Consider accounts payable when valuing a dental practice

When you perform a valuation on a dental practice, don’t forget to account for accounts payable.

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Dental practice valuation is a huge task. It’s easy to focus on the major factors such as overhead, profit margins, and staff costs. But don’t forget to include accounts payable into your equation. Otherwise, you might be in for an unpleasant reality check after you’ve closed on the practice

What are accounts payable?

Accounts payable (AP) is debt. It refers to the money a dental practice owes to vendors and suppliers for purchased goods and services. It appears as a liability on the practice’s balance sheet. 

A high accounts payable amount compared to revenue can signal cash flow problems in the practice. A low AP can be a really good sign. But either way, you need to drill down into the finer details.

Review payment terms, the concentration of AP, and other factors to get a sense of how you should adjust your valuation for this debt. 

Accounts Payable factors to consider

Accounts payable trends give you valuable insights into the practice’s expenses, especially in dental supplies, lab costs, and other dental-related overhead.

Here are some things to look at in your analysis. All of these need to be considered in the overall context of the practice’s financial health. Don’t blow any one of them out of proportion.

  1. Look at AP payment terms. Are they 30 days? 90 days? Quicker turnarounds can indicate healthier cash flow while longer terms raise concerns.
  2. Check if AP is growing over time. Increasing debts could signal financial struggles for the practice. Stable or declining AP is ideal. On the other hand, if collections have enjoyed steady growth, some amount of AP is to be expected.
  3. Compare AP to revenue. If the ratio is disproportionately high, it may point to an inability to pay bills on time.
  4. Inquire about any disputed bills within AP. Unresolved vendor debts can come back to haunt you.
  5. In most acquisitions, the buyer assumes all existing AP. A bloated AP means that you are taking a big liability burden off the seller’s hands. You could potentially consider having the seller assume AP and offer more.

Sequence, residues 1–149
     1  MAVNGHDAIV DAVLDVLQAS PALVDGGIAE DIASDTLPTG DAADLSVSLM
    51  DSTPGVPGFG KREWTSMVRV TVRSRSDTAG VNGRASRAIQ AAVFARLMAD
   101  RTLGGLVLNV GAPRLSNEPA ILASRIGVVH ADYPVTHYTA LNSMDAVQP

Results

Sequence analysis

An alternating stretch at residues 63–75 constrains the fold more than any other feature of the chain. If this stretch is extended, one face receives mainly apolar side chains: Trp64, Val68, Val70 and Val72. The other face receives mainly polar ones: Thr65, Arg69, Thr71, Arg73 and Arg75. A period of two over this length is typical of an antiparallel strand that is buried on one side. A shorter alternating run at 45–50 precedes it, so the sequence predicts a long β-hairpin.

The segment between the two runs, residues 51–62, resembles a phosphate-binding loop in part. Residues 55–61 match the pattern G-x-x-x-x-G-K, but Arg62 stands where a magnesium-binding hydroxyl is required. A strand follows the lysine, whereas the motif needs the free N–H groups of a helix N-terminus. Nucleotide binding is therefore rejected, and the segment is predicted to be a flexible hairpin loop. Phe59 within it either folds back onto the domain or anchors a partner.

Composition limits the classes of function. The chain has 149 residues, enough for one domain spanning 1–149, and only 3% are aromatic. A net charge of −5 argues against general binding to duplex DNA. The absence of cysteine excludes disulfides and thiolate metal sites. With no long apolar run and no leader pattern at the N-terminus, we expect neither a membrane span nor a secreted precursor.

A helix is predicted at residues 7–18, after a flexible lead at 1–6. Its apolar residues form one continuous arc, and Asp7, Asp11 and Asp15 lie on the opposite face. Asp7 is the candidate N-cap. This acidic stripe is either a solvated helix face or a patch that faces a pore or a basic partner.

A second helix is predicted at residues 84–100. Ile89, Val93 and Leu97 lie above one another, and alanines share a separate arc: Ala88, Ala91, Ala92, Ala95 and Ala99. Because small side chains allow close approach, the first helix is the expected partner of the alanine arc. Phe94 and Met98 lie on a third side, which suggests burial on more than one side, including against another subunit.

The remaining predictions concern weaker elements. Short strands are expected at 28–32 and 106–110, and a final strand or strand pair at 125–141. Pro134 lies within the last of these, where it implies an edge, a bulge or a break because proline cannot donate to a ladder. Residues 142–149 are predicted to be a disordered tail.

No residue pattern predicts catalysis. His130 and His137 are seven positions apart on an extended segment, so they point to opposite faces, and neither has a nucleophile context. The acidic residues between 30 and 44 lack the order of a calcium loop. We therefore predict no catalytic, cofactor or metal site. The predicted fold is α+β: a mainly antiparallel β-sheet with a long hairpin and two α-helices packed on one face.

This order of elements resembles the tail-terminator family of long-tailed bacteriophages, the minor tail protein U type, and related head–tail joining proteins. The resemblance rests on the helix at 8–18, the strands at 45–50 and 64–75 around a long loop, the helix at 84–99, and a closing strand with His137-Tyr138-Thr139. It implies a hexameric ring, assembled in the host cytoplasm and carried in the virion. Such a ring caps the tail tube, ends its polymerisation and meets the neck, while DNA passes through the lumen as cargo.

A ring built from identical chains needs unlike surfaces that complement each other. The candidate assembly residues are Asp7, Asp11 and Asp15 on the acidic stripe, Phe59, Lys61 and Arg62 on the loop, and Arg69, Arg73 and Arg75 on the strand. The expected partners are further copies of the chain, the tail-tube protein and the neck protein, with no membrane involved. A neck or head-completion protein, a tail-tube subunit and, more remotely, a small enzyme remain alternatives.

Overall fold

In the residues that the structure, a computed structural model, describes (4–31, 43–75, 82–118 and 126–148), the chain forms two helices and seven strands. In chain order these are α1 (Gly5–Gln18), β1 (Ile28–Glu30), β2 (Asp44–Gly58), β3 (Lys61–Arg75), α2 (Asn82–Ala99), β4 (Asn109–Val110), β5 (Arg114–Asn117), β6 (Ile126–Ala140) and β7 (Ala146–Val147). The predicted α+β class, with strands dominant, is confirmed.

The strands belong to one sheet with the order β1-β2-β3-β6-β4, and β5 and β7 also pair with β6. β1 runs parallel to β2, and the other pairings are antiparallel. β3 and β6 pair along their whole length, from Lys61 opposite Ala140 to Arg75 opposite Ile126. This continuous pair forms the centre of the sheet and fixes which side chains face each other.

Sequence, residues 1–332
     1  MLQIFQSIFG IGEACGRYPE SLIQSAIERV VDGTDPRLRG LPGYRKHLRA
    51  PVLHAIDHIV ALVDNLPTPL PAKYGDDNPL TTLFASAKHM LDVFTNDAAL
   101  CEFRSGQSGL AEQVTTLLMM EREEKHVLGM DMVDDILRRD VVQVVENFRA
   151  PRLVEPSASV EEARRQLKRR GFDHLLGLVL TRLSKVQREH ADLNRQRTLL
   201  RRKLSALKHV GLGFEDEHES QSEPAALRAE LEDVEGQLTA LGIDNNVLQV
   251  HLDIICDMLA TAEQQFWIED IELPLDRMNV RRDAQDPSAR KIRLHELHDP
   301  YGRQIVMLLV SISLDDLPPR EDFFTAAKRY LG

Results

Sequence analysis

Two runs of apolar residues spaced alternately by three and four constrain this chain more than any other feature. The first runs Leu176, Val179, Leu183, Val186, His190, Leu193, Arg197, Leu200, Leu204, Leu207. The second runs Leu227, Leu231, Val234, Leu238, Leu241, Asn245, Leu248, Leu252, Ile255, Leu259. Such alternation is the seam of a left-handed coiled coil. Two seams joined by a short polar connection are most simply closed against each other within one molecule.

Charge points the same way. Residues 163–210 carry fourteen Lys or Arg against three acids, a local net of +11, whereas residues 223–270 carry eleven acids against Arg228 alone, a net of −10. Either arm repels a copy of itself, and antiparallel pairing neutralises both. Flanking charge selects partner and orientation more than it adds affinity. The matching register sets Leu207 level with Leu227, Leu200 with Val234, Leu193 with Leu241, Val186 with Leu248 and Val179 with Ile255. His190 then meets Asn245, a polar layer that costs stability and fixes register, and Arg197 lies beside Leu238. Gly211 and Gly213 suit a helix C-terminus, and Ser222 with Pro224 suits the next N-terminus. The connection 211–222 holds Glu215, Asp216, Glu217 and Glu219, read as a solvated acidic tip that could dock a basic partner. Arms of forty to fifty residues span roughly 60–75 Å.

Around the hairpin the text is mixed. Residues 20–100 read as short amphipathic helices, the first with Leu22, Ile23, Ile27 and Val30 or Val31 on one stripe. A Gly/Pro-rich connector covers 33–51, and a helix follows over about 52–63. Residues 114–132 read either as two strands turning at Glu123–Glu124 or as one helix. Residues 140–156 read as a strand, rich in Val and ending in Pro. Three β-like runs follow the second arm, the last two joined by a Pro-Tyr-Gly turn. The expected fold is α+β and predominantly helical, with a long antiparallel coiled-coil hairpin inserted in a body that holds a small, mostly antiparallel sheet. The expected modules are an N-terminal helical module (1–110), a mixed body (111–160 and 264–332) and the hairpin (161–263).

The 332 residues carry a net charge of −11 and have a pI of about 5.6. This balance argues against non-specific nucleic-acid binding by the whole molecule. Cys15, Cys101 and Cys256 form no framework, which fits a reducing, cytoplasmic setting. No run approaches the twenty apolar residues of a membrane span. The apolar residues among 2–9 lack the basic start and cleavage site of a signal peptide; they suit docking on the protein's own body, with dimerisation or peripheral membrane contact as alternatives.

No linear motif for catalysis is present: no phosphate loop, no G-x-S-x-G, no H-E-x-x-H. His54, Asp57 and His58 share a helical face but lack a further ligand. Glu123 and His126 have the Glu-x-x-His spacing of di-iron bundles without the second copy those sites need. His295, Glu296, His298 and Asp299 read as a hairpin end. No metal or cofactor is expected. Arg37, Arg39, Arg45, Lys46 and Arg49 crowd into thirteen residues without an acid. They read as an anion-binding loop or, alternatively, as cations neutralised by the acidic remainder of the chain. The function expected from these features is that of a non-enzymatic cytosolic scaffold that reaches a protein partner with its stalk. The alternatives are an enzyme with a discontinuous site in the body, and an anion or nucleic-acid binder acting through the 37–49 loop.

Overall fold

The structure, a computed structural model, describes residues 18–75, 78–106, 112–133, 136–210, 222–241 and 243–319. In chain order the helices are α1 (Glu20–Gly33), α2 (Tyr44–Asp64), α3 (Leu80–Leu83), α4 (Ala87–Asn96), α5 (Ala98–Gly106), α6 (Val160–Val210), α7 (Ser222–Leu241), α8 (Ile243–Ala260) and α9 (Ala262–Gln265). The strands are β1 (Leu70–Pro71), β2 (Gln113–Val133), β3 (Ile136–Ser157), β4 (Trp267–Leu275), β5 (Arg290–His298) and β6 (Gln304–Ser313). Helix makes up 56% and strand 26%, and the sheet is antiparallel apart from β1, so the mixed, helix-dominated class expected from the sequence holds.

What Accounts Payable info should the seller provide?

Before the letter of intent is signed, the seller probably won’t want to release financials to you. Most likely, they’ll tell you what their AP is, and you’ll need to take their word for it. After the LOI, they’ll deliver the records and you can validate AP numbers and do a deep dive. 

But don’t worry: your letter of intent can specify that it is contingent on you verifying the details the seller has provided. Including accounts payable. If, for whatever reason, AP (or any other detail) differs from what the seller has told you, you can opt to modify your LOI or withdraw from the deal. 

Important: make sure you have a good attorney who can draw up the LOI (and all the other legal docs you’ll need in the acquisition) to your advantage. 

Once the seller delivers financials to you, here’s what to look for in the AP domain:

  • Aged AP report listing unpaid bills
  • Vendor statements
  • Info on disputes 
  • Payment plans. 

Need help with your dental practice valuation?

Brian Hanks has years of experience coaching dentists through the process of purchasing a practice. He’s a seasoned dental CPA and coach, and can save you hundreds of hours, pounds of stress, and (potentially) tons of money.

Contact Dental Buyer Advocates for a free consultation with Brian.

Also, check out our extensive checklist. It outlines all the steps involved in a dental practice acquisition, and it’s free!

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